A Marketo research report has revealed Australian marketers’ most commonly used technology. But the research also revealed that over a third of Australian marketers (40 per cent) don’t have the necessary technology to do their job.
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The results are contained in the Marketo research report, Can You Demonstrate The Value Of Marketing?, which found Australian marketers were “passionate advocates of the role of technology in their profession”.
Australian marketing’s top tech:
- Social Media Engagement
- Email Marketing Platforms
- Marketing Automation
- Data Management
“Good technology, well implemented, will help evolve the online relationship from a merely transactional interaction to a potentially valuable and engaging way to reinforce the promise of the brand, according to our interviewees,” the report said.
Despite the affinity for marketing technology, there is a clear division on access. According to the research, 40 per cent of marketers said their current martech stack was not suitable to complete their required job. Conversely, 57 per cent said they had the technology to do their job effectively.
The person responsible for signing off on new marketing technology? Not the CMO or the CIO. It’s the CEO, according to the research.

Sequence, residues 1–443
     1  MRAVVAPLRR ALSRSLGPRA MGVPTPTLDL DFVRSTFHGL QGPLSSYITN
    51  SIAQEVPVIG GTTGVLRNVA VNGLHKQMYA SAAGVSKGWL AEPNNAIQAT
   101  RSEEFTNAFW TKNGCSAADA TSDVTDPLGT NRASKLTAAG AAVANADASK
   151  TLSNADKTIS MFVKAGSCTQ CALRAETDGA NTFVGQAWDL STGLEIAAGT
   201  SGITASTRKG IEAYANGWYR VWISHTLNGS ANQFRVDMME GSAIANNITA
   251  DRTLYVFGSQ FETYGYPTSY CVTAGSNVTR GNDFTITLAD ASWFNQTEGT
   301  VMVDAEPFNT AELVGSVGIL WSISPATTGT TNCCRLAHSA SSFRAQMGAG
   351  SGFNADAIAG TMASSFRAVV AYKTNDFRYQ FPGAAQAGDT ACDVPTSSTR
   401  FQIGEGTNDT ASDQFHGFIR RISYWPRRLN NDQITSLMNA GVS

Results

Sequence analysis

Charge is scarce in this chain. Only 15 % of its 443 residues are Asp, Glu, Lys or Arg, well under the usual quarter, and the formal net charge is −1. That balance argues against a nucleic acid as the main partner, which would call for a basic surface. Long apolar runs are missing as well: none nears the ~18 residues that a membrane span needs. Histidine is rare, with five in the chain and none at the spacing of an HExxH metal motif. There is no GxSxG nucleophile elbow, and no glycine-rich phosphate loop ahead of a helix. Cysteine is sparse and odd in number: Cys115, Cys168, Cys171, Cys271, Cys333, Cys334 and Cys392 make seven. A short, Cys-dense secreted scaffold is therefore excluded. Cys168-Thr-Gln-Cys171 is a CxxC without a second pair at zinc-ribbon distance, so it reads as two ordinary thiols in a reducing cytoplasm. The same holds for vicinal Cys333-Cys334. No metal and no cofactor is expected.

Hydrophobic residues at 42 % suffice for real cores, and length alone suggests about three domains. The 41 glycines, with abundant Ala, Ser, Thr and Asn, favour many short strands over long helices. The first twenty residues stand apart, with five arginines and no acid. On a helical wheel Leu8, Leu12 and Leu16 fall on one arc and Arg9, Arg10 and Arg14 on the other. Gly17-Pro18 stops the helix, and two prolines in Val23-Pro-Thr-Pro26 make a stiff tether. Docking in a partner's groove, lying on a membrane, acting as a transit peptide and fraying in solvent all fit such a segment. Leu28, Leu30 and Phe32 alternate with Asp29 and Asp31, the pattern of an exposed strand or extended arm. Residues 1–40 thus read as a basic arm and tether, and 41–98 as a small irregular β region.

“In 60.6 per cent of cases, the CEO or Managing Director is the final arbiter for marketing technology spending. The CMO is a long way back in second, at 16 per cent, with IT third at 11.5 per cent.”
Even for those with the technology, it’s not perfect.
“Marketing leaders said there were still clear gaps in the technology stack that would hinder creating truly joined-up experiences until they were solved,” the authors wrote.
For example, identifying customers still remains a significant problem and disconnect between adtech and martech.
“CMOs flagged the fact that the advertising technology that serves their display and search advertising remains anonymised, whereas the great virtue of their marketing technology is that it is able to identify a customer,” the authors wrote.
“This is what marketers refer to as the gap between probabilistic identification and deterministic identification. Or, put more simply, the difference between ‘it’s probably you’ and ‘it’s definitely you’.”
There’s also the issue of marrying online and offline data. According to one senior marketer from the grocery sector quoted in the report, online data provides only a “broad extrapolation” for informing customer behaviour. There are also still “massive blind spots in the attribution landscape at the moment,” he said.
A dearth of analytical talent is affecting marketers too, according to the whitepaper. While there is no shortage of data or technological solutions, the same can’t be said of the talent required to leverage analytics.
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